DevTools/Graphical Timeline v1

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Design Overview

Graphical Timeline Design.jpg


Graphical Timeline is a new and interesting way of debugging in Firefox. It visually displays the events happening in your browser in real-time that may originate from any number of different data sources. For each source, a Producer watches, extracts and creates data based on the underlying Component. These data are then sent to the Data Sink which retains them for retrieval and display by the Timeline User Interface.


Each Module or Component we wish to represent in the Timeline will have a Producer attached to it. The implementation of each producer will vary depending on the component it watches, but the data each produces should be of a consistent format. Each producer is tightly associated with the Data Sink but has no link with any other component of the Timeline.

Event Types

Data created by the Producers can be of several types:

  • Point Events: Single moment events like mouseup, load, etc.
  • Continuous Events: An event spanning a duration of time. Continuous events must be represented by a starting event and an ending event. They can also have intermediate events corresponding to the same continuous event.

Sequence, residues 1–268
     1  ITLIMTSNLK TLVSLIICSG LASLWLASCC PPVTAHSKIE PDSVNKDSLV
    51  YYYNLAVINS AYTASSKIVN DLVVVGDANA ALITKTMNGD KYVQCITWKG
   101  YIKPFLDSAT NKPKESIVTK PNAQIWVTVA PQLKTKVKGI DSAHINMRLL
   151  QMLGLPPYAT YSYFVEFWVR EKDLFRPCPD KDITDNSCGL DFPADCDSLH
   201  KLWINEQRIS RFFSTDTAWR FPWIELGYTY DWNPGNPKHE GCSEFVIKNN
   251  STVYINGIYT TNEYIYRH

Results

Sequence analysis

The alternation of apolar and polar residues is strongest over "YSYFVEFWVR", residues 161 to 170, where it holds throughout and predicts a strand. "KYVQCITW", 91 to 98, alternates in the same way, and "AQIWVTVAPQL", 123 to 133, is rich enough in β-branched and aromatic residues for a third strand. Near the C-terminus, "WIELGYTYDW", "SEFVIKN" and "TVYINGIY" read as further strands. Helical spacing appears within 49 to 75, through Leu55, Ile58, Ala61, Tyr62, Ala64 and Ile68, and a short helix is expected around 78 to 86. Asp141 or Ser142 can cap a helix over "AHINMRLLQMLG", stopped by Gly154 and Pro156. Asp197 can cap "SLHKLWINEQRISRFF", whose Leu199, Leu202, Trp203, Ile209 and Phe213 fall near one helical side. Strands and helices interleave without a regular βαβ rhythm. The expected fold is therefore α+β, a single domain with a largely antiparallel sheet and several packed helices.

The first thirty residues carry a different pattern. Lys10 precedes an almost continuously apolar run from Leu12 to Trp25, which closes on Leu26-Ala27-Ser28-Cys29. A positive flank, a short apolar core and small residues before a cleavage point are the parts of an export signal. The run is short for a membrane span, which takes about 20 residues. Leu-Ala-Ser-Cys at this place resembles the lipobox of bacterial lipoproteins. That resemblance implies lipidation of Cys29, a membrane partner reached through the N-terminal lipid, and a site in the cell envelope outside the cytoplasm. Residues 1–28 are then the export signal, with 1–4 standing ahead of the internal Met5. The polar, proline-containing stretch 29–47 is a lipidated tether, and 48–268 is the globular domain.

• Repeating Events: Multiple events that occur at varying points in time. Could be considered as either multiple Point or Continuous events that are tied together.

Data Sink

The Data Sink is a central repository for the data created by each Producer. Its main purpose is to act as an intermediate component between the producers and the User interface. Data collected from all the producers are transmitted to the User interface using Custom Events (Remote Debugging Protocol, in future). Data Sink has a single format of data that it accepts from any producer.

Normalized Event

Any event to be transmitted to the User interface should follow this normalized event structure. The event should be an Object with the following properties:

  • id: A unique id for the event. This is automatically created by the Data Sink to maintain uniqueness.
  • groupID: A unique id that is common for the events falling to the same interval (continuous or repeating).
  • name: A name related with the event to show up on the User interface.
  • nameTooltip: Tooltip for the name to show up on the User interface.
  • type: This represents the type of the event being captured. It can be one of NORMALIZED_EVENT_TYPE.
  • producer: The id of the producer from where the data originated. This id is provided by the producer itself at the time of registering itself to the Data Sink.
  • time: Time of the event occurrence.
  • details: This can hold any amount of information related to the event that is to be transmitted. The format is provided by the Producer at the time of registering.


Any normalized event can be of one of the following type:

  POINT_EVENT: 0,              // An instantaneous event like a mouse click.